Playing the long game

Bumper profits might not be such a boon if they precede a serious fall in sales; price rises need to be carefully considered and clearly explained. The demise of the 99p cheeseburger could take the shine off the golden arches but McDonalds (MCD NYSE) has played the price hike with a straight bat explaining directly to its customers that it had delayed, and minimised, price rises for as long as it could, and the fact it’s been unchanged for 14 years is a great hook. The value nature of its offer does provide a degree of insulation – an extra 20 pence isn’t going to break the bank – but all those 20ps add up.

“Pricing during these sensitive times is a dance; carefully choreographed and executed with perfect timing it can allow companies to continue to thrive.”

And it’s the ongoing nature of cost inflation that’s weighing on those consumer giants. Diageo (DGE) CEO Ivan Menezes fears a “potential weakening of consumer spending power” which could make the companies last lot of numbers harder to replicate. The drinks giant has benefited from a number of happy coincidences but that doesn’t detract from a sure-footed strategy which positioned it to take advantage of those shifts.

Diageo revenue growth and operating margins

Source: Company accounts

It’s spent money developing and marketing its premium spirits range, products which deliver much higher margins than craft beers and have become increasingly popular with younger drinkers. Whilst cutbacks are becoming a way of life “treats”, or “little luxuries” are right up there with those essentials and don’t forget even a discretionary item like a washing machine can become an “essential” if the home’s machine breaks down.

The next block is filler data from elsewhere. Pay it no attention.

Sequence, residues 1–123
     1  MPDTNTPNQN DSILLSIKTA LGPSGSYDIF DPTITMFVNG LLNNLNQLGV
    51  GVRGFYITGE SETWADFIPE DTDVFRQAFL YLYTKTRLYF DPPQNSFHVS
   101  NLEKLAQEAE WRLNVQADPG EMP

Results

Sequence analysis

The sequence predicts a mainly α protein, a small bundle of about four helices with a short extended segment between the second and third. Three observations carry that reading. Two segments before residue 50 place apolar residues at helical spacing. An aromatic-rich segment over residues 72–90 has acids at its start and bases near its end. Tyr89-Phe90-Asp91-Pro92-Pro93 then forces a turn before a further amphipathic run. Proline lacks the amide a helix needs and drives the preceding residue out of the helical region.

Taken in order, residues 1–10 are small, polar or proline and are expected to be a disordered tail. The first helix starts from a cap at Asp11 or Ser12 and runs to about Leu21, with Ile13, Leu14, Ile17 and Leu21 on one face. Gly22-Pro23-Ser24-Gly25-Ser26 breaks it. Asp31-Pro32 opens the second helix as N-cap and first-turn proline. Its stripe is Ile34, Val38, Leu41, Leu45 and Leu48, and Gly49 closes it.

Pricing during these sensitive times is a dance; carefully choreographed and executed with perfect timing it can allow companies to continue to thrive. But one misstep and consumers will walk away, searching for another dance partner. There’s no blueprint for advisers or investors to follow as consumers are fickle and varied, but watching the way a company sells itself can give insight into how it’s going to be able to sell its products and at what price. And even if a company’s successfully passed on price hikes to date that’s no guarantee it will be able to do so again. Consumers will draw a line, and every line will be different.

Past performance is not a guide to future performance and some investments need to be held for the long term.

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Danni Hewson

Danni Hewson

Job Title
Financial Analyst

Danni spent more than 19 years at the BBC, presenting and reporting on business news across a variety of programmes – including BBC Breakfast, BBC News Channel, BBC Look North and latterly Radio 5 Live’s flagship business programme ‘Wake up to Money’. She is now responsible for producing analysis and commentary across a broad range of subjects at AJ Bell, from financial markets, to economics and personal finance.